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A beloved trio returns to Scarborough’s Guild Park in Three Men on a Bike

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guild festival theatre iPhoto caption: Photo courtesy of Guild Festival Theatre.
/By / Jul 10, 2024
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This summer, don your derby, dust off your velocipede, and take a jaunt to Guild Park. Classic comedy awaits you.

Beginning July 18, Guild Festival Theatre will present Three Men on a Bike outdoors in Scarborough’s Guild Park. Audiences who enjoyed Three Men in a Boat, Guild Festival’s previous summer production, will be delighted to learn that Three Men on a Bike is a sequel created by the same playwright (Mark Brownell) and director (Sue Miner), and starring the same cast (Jack Copland, Azeem Nathoo, and Suchiththa Wickremesooriya). Written in 2014 and 2019 respectively, both Boat and Bike are adaptations of novels by the Victorian humorist Jerome K. Jerome.

“The show we did last year [was about] three men who decide to get out of town and take a trip together, but they have no idea how to row a boat or anything about sailing, so shenanigans ensue,” said Nathoo in an interview. He plays Jay, one of the titular three men. In this summer’s production, Jay and his friends George and Harris have “given themselves a couple of years to rest and forget about their ordeal from the time before,” Nathoo explained, “and now they decide to go on a bike trip to Germany.” Shenanigans, again, ensue. 

Performing on the bare stage of Guild Park’s Greek Theatre, the intrepid cast has to create said shenanigans with only a few props and the power of physical comedy. “In the last show we had to recreate the sense of being on a boat, and this year we have to do the same with the bike — armed with only a stool and a chair,” Nathoo explained. 

Nathoo and his cast mates won’t be entirely alone onstage. They’ll be joined by an audience favourite from last year’s show, a stuffed animal who will play the role of Montmorency, Jay, George, and Harris’s beloved pet.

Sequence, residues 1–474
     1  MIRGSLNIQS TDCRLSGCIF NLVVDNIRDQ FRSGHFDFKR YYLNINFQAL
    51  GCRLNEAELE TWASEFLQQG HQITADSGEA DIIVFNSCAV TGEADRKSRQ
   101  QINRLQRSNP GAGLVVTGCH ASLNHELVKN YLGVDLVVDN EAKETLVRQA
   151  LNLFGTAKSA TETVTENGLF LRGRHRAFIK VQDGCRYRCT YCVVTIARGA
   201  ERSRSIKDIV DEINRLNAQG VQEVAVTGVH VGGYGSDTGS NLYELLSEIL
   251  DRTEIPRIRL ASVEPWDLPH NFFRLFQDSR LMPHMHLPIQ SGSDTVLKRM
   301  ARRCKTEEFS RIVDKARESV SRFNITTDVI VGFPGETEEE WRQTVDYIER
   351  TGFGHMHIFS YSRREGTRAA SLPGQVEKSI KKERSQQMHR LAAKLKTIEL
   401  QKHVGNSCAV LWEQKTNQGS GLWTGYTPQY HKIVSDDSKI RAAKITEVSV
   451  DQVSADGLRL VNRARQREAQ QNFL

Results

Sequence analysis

“He’s a little stuffed dog,” said Miner, who joined Nathoo to chat about the production. “But he’s as much part of the characters’ story as anybody. In Three Men on a Boat he was at the front of the boat, going through the whole thing. 

“He’s a big part of our process. We all love him — maybe too much,” joked Miner. 

For Nathoo and his fellow actors, part of the fun is “having to negotiate the elements” in Guild Park, “like a loud lawn mower, or the wedding venue that’s not too far away; and sometimes you have rabbits running across the stage.” Although occasionally the outdoor surroundings can be challenging, at the end of the day, said Nathoo, “It just really adds to the texture of the process.”

At the time of the interview, the creative team was a little over one week into rehearsals. “It’s been a real adventure so far,” said Nathoo. “We all worked together last year as well. That’s tremendously helpful in the sense that we all know our characters, and we’re able to hit the ground running a little sooner than last time.”

The cast is also putting the pedal to the metal to learn a huge amount of music. “All the singing is live,” said Miner. The production’s music director and arranger, J. Rigzin Tute, has reimagined a collection of tunes from Jerome K. Jerome’s time — including 19th-century favourites like “Velocipede Jimmy” — to feel “current and really fun,” Miner added.

Miner and playwright Mark Brownell have loved Jerome K. Jerome’s stories for years. In 2014, they premiered their adaptation of Three Men in a Boat as part of that year’sToronto Fringe Festival. A remount of that production later toured to India There, the team “learned that there are people there who are huge fans of [Three Men in a Boat,]” said Miner, “because that was the book that a lot of people used to learn English. People knew the text really, really well.”

For Miner, experiences like this highlight the wide appeal of Three Men on a Bike’s hapless characters. “What have I personally got to do with these guys?” Miner asked herself. “Nothing, and yet I love them and I love their journey. They just touch people to come along for the ride. That’s part of the draw for me. They [screw up] for us so we don’t have to. We can just sit and enjoy and laugh at their foibles. Anything that brings us all back to humanity is my hero right now.”

It’s the bond between George, Jay, and Harris that Miner finds particularly touching. “There’s something really genuine about the friendship of these three that’s inspiring,” she explained. “Just because they might not agree on something doesn’t mean that they have to stop the world.”

Does Miner believe there’s a particular audience for the piece?

“The particular audience is everybody,” said Miner. “I want them to take away that, as long as we are kind and curious, and care for each other, we’ll be OK.”


 Three Men on a Bike runs from July 18 to August 4 at the Greek Theatre in Guild Park. You can purchase tickets here

Nathaniel Hanula-James
WRITTEN BY

Nathaniel Hanula-James

Nathaniel Hanula-James is a multidisciplinary theatre artist who has worked across Canada as a dramaturg, playwright, performer, and administrator.

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